The Court granted certification. 250 N.J. 14 (2022).

HELD: Informed by the Legislature’s expression of public policy in N.J.S.A. 34:15-36, the Court concurs with the Appellate Division that the defendant had a duty to advise the LLC members, at the time of the workers’ compensation policy’s purchase or renewal, that an LLC member actively performing services on the LLC’s behalf is eligible for workers’ compensation coverage, but that the LLC must elect to purchase such coverage in order to obtain it. Consistent with N.J.S.A. 34:15-36; however, the Court holds that defendant may not be held liable for breach of that duty unless the damages alleged were caused by the defendant’s willful, wanton, or grossly negligent act of commission or omission. The Court disagrees with the trial court’s assessment of the evidence presented by the plaintiff on the question of proximate cause.

1. N.J.S.A. 34:15-36 provides that a member of an LLC who actively performs services on behalf of the LLC shall be deemed an employee of the LLC for purposes of receipt of benefits and payment of premiums under the Workers’ Compensation Act if the LLC elects, when it purchases or renews its workers’ compensation policy, to obtain coverage for the LLC members. The Legislature imposed notice obligations on insurers and insurance producers, including brokers. N.J.S.A. 34:15- 36 mandates that every application for workers’ compensation includes “notice, as approved by the Commissioner of Banking and Insurance, concerning the availability of workers’ compensation coverage” for limited liability company members. The law further requires that the application contain a notice of election of coverage and clearly states that coverage for LLC members “shall not be provided under the policy unless the application containing the notice of election is executed and filed with the insurer or insurance producer.” Ibid. N.J.S.A. 34:15-36, however, does not create a statutory remedy for violating its provision. Indeed, it limits the liability of insurers and insurance producers in the event of a common-law claim, providing that they shall not be liable for an LLC’s failure to obtain workers’ compensation coverage for its members “unless the insurer or insurance producer causes damage by a willful, wanton or grossly negligent act of commission or omission.” Ibid. (pp. 18-20)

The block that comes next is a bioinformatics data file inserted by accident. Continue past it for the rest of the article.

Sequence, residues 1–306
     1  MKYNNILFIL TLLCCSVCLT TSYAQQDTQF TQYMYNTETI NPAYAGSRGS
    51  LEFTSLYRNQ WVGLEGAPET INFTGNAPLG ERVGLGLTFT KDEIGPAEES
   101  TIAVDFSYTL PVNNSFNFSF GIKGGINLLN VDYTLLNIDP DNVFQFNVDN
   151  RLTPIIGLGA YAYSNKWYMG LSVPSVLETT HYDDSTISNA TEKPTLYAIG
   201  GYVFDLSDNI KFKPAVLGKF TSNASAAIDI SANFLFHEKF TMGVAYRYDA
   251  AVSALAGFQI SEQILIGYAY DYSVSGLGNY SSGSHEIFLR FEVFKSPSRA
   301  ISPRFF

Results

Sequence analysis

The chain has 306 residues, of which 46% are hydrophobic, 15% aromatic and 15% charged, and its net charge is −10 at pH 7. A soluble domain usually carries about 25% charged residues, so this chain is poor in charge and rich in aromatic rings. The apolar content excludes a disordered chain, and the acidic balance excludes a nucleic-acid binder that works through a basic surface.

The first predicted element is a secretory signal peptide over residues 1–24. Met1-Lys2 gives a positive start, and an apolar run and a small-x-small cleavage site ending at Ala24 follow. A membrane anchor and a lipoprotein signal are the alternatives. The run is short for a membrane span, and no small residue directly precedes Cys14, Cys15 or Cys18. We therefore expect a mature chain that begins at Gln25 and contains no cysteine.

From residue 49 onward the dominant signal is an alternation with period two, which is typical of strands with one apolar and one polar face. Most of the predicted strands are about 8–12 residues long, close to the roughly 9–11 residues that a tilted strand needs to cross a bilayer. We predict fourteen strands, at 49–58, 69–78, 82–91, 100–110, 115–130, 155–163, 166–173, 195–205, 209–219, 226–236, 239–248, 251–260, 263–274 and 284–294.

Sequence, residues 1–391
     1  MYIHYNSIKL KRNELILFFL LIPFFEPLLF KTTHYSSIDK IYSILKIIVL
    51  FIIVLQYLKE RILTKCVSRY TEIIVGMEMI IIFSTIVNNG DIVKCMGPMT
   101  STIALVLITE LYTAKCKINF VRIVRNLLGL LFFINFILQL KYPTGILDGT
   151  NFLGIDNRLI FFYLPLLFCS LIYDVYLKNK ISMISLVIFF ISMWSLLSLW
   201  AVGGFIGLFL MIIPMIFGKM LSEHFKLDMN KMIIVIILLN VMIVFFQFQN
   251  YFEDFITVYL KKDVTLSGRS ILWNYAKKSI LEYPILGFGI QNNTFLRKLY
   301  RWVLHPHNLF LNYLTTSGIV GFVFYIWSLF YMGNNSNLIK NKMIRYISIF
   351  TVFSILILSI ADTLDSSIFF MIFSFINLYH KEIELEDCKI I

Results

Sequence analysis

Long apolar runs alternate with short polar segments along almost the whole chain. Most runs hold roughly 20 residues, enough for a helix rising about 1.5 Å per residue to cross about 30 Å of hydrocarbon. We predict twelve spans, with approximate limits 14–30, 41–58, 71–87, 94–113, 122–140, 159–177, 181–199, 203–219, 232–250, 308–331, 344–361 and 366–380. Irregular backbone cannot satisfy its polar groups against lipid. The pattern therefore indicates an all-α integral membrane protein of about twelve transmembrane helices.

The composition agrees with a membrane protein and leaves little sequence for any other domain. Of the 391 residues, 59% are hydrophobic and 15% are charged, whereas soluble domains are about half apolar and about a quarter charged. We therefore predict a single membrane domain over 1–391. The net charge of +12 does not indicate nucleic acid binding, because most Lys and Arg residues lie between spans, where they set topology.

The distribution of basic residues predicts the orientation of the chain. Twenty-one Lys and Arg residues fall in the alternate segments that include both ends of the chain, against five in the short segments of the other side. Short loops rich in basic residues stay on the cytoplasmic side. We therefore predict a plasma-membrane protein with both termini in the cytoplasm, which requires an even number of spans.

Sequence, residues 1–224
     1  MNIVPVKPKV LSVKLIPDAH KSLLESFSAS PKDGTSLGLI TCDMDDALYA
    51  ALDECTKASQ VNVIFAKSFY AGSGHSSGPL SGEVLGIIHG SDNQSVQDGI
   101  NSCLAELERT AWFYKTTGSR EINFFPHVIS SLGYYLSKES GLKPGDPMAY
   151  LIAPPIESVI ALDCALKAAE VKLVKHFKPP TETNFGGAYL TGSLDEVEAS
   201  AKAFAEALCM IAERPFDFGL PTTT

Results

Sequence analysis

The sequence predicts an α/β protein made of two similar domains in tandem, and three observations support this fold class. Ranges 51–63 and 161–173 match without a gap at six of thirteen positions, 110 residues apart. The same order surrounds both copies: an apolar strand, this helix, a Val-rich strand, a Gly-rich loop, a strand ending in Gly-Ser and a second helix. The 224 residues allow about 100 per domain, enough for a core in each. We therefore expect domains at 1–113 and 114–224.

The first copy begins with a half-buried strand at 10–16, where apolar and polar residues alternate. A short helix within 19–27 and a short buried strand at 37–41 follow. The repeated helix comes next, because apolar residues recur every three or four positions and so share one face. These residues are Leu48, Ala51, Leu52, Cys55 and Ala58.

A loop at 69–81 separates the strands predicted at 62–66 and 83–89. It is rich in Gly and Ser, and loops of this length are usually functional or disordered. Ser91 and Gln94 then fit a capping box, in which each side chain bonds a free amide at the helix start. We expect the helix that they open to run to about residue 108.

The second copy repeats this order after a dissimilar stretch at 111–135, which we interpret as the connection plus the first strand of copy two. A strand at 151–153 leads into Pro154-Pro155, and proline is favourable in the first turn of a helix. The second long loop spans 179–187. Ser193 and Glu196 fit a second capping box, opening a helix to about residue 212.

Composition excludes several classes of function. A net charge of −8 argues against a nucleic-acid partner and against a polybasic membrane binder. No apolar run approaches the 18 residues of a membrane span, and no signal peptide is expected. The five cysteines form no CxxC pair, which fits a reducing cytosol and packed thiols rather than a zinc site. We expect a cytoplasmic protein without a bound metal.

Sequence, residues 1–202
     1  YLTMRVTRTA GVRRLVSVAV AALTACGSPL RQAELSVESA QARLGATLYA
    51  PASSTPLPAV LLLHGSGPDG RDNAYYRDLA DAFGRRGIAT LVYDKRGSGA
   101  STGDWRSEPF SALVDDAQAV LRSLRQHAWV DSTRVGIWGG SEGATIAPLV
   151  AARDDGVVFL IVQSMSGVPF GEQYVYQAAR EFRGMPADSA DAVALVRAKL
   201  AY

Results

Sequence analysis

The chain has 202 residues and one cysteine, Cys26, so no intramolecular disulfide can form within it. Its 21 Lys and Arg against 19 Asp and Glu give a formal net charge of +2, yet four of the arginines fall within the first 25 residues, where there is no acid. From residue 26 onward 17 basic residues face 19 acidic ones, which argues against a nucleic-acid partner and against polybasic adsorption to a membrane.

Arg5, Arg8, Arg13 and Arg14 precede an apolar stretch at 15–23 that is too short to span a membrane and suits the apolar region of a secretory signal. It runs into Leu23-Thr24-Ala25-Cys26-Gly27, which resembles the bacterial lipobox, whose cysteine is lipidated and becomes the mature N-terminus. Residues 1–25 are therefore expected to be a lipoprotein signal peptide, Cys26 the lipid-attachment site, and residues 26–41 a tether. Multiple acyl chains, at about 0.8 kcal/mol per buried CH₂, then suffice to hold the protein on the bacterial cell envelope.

2. To determine whether a duty of care should be imposed in a given context, a court must first consider the foreseeability of harm to a potential plaintiff and then analyze whether accepted fairness and policy considerations support the imposition of a duty by weighing the (1) relationship of the parties, (2) nature of the risk, (3) opportunity and ability to exercise care, and (4) public interest. See Hopkins v. Fox & Lazo Realtors, 132 N.J. 426, 439 (1993). In certain settings, the determination of whether to impose a duty may be informed by a statute, even when the statute creates no civil cause of action for a violation. Ultimately, courts strive for solutions that properly and fairly resolve the specific case and generate intelligible and sensible rules to govern future conduct. (pp. 21-23)

3. The Court reviews duties that insurance brokers owe as fiduciaries to their clients and notes that its jurisprudence constrains the fiduciary duty of an insurance broker to the categories of insurance coverage that the broker undertakes to obtain for the insured or the coverage necessitated by a particular peril known to the broker -- the Court has not imposed a general duty on brokers to advise an insured about the myriad varieties of insurance available on the market. In the unusual setting in which a broker is held to have a duty to a third party, that duty is premised on the broker’s obligation to provide the insured with a type of coverage that the insured has requested, as well as considerations of foreseeability and fairness. (pp. 23-27)